Willow Flycatcher, Turtle Pond

This morning, 21 May 2017, I saw an empidonax flycatcher from the Turtle Pond Dock flycatching low on Turtle Pond Island. It was, by appearance, either a Willow or an Alder Flycatcher. The two species look almost exactly alike and can be differentiated in the field only by vocalization. This bird was quiet, and before I could play a recording that might elicit a vocal response it flew east. With the fence surround the adjacent lawn not yet open, I was unable to chase it and I went on with the morning’s birding walk.

Just after noon I returned to Turtle Pond. From the east-side landing (opposite the King Jagiello statue) I saw a flycatcher working over the marshy south shore. It flew across the pond toward me, and as it did, it began singing the characteristic “ritz-bew” song of the Willow Flycatcher. I heard another Willow Flycatcher respond faintly in song from the south shore as the first one¬†continued singing near me.

This was the first time in six years of intense spring birding that I had ever heard a Willow Flycatcher sing in Central Park. I have heard them calling before, at least once every year since 2013.

I still have yet to hear an Alder Flycatcher sing in Central Park. Perhaps because its breeding range extends much farther north (compared to that of Willow Flycatcher) it is less likely to sing when passing through here. There is only one eBird report of Alder in Central Park that indicates song was heard. Other reports, which involve barely more than a handful of discrete occurrence dates over all time, mention call only.


A Torrent of Migrants

The last seven days offered excellent species variety in Manhattan. I added 21 new species for the year, including some rare warblers that I was not expecting to get. This leaves me with 170 species for the year, which suddenly puts me well ahead of last year’s pace (had 161 as of the same date then) after having been well behind it last week.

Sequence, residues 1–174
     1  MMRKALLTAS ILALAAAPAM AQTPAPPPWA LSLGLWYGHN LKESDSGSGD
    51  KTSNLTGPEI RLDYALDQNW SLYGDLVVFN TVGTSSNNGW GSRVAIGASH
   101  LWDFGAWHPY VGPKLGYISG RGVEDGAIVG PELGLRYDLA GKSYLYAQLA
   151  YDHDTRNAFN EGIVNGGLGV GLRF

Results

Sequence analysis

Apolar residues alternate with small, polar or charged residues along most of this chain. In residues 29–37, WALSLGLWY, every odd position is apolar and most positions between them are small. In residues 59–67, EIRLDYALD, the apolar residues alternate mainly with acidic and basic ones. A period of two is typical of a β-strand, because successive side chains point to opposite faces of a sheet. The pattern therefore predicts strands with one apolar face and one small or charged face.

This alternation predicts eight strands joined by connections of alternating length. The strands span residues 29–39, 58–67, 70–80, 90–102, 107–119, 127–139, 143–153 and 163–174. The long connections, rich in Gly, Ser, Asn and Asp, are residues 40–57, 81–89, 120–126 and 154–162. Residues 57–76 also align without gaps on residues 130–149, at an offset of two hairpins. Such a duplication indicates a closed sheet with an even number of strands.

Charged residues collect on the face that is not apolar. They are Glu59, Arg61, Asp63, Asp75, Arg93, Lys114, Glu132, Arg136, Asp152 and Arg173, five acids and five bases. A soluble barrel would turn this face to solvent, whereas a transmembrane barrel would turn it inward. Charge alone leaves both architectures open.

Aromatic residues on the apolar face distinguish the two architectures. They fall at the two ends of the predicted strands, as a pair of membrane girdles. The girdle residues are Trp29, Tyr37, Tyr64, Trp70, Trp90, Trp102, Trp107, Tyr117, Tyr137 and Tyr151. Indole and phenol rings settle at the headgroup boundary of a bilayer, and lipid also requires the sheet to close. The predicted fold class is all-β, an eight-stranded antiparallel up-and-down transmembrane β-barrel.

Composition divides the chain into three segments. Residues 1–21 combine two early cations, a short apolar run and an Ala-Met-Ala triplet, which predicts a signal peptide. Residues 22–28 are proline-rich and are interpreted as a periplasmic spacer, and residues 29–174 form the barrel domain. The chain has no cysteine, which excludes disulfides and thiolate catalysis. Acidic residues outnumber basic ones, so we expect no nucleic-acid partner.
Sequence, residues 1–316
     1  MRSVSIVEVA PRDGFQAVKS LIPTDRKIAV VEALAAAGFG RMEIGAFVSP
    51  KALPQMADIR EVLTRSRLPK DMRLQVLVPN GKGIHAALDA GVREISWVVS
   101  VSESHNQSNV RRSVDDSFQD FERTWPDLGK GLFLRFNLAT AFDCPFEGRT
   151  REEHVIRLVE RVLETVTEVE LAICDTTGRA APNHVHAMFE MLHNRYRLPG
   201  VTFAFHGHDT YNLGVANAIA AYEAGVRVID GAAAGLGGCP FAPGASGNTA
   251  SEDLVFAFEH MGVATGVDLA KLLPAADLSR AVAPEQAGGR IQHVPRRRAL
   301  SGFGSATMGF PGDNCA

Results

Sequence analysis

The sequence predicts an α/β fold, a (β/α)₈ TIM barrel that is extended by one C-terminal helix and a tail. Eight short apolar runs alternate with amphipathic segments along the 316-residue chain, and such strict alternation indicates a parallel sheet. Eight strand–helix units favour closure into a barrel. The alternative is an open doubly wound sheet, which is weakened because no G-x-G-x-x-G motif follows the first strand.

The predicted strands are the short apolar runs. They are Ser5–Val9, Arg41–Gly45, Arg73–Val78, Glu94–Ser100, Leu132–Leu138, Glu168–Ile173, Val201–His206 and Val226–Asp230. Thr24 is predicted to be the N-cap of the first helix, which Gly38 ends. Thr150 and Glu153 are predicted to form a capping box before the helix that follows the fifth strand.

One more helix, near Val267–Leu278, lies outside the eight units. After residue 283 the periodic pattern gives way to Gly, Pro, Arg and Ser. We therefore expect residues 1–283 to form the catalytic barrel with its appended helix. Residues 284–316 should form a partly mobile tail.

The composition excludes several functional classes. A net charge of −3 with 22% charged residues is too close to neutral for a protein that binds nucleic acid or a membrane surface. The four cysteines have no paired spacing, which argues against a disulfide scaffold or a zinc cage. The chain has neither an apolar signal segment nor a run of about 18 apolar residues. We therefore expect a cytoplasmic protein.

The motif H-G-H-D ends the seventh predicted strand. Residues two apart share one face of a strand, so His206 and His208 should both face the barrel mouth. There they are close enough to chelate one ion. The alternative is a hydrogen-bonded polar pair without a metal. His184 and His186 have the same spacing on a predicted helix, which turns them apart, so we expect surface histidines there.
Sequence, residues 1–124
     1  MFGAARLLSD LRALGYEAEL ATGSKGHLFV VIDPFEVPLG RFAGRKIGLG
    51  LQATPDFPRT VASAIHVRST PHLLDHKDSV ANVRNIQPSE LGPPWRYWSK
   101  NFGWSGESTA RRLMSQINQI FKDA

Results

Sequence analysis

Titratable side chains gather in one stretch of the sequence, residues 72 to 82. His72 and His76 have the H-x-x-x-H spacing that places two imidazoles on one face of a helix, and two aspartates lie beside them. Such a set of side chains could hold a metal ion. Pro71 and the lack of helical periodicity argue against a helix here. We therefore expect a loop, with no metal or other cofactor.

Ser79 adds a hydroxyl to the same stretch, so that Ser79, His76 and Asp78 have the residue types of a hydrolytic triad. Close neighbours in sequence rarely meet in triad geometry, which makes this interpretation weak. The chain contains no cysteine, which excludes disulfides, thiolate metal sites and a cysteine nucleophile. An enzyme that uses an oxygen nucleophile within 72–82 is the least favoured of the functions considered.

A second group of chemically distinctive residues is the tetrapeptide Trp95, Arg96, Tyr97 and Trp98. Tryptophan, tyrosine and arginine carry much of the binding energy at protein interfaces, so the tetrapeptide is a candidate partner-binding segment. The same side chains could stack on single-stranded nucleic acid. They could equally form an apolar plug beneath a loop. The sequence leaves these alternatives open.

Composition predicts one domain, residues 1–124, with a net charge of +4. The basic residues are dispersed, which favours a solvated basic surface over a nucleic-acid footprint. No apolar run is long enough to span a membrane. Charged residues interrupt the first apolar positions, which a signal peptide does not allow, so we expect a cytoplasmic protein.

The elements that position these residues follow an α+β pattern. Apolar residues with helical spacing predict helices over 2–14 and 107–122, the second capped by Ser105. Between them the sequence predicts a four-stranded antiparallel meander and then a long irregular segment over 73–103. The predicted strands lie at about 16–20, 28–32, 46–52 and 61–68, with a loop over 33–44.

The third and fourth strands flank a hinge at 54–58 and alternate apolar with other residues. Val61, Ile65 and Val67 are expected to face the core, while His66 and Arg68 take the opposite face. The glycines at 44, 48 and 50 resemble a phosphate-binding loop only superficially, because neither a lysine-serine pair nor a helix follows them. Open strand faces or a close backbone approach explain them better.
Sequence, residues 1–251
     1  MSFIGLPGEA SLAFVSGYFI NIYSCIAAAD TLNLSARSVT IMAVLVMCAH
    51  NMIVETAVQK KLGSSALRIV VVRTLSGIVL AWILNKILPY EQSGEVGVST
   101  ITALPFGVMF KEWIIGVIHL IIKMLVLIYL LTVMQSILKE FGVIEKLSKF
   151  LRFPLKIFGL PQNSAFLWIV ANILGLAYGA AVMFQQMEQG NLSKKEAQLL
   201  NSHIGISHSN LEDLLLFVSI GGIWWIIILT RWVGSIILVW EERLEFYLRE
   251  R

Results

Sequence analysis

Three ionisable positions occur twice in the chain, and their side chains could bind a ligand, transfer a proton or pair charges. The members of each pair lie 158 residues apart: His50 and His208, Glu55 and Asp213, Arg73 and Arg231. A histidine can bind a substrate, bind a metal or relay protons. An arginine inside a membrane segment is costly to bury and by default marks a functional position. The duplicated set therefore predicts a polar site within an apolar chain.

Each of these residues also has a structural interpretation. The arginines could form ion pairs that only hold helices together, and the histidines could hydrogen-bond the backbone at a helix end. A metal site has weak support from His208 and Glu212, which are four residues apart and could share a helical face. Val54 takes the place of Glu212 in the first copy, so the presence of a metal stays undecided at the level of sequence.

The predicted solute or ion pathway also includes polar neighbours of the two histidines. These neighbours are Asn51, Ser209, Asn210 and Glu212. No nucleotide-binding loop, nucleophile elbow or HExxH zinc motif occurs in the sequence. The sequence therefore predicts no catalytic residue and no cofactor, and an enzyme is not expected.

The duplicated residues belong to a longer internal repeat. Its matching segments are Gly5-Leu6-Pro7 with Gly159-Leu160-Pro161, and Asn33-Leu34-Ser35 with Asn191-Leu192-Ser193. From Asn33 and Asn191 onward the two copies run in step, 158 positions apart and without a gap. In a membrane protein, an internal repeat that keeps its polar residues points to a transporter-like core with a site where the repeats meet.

My warbler deficit largely got filled with a great influx of the rarer varieties: Blackburnian, Cape May, Prothonotary, Mourning, and Tennessee.

I also picked up my “peeps,” with Solitary Sandpiper and Spotted Sandpiper foraging side-by-side in the Compost Heap last Sunday. I had a single Least Sandpiper on Randall’s Island off the NE shore today. It was near a wading Yellow-crowned Night-Heron, another new species for the year that I had in the same spot last year in July.

I also had a few unexpected species. A Marsh Wren showed up last Saturday in the bamboo on the Riviera section of the Lake. Even more surprising were the two nightjars I had (along with dozens of other birders) yesterday. A Common Nighthawk was found high up in a tree SW of Mugger’s Woods in the Ramble. I wrote a chapter (“Nighthawk Watchman”) in my book about how I spent many August and September evenings watching in vain for a Common Nighthawk flyover until a pair finally arrived. I will not need to repeat that exercise this year. Later another nightjar was found perching prominently high above the north end of Tupelo Meadow. After some debate and close inspection, this bird was determined to be a Chuck-will’s-widow, a species with no prior eBird records for Manhattan. It was a life Manhattan bird for nearly everyone who saw it, including me.

Just minutes after viewing it, I wandered over to the fenced-in area just west of Humming Tombstone and had a Willow Flycatcher, which I identified by call. This, too, was a life Manhattan bird, one of the easiest of those I was missing.